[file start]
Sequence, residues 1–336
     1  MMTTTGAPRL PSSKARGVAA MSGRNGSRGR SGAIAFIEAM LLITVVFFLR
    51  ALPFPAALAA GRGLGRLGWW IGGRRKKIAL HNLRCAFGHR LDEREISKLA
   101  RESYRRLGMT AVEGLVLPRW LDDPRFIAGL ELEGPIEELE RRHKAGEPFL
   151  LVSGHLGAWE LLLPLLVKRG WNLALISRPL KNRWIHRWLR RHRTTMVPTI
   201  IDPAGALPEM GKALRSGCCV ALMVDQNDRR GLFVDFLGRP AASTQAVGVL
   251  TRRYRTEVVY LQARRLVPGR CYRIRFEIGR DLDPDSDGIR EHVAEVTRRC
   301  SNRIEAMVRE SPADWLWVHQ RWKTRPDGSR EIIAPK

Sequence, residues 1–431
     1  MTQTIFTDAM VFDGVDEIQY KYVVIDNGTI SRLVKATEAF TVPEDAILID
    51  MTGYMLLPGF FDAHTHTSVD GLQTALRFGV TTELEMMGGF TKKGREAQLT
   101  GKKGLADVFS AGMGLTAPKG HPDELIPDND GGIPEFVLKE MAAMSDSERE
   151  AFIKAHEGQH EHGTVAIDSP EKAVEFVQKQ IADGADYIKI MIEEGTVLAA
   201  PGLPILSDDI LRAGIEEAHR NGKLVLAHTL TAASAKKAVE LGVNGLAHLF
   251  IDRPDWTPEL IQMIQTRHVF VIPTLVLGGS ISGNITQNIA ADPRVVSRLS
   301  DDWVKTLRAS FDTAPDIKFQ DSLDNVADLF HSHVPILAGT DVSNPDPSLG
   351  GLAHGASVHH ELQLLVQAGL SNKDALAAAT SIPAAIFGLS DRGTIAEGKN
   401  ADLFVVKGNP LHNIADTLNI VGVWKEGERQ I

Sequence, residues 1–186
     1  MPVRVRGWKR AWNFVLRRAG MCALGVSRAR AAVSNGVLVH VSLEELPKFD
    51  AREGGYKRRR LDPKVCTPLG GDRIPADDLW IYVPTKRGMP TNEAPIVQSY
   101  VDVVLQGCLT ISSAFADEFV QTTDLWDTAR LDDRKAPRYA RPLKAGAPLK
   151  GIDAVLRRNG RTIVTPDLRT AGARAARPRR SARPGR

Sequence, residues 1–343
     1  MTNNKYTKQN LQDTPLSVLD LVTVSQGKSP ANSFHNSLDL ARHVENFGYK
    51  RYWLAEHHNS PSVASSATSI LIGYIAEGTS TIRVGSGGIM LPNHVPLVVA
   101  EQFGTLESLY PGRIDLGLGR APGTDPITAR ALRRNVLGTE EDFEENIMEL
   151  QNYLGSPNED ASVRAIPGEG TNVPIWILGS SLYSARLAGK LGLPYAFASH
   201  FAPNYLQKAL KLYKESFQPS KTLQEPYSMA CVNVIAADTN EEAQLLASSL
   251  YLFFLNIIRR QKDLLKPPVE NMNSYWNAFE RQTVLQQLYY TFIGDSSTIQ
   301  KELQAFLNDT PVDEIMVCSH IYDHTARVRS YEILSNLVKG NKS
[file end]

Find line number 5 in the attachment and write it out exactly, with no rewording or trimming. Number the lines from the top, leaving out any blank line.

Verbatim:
   151  LVSGHLGAWE LLLPLLVKRG WNLALISRPL KNRWIHRWLR RHRTTMVPTI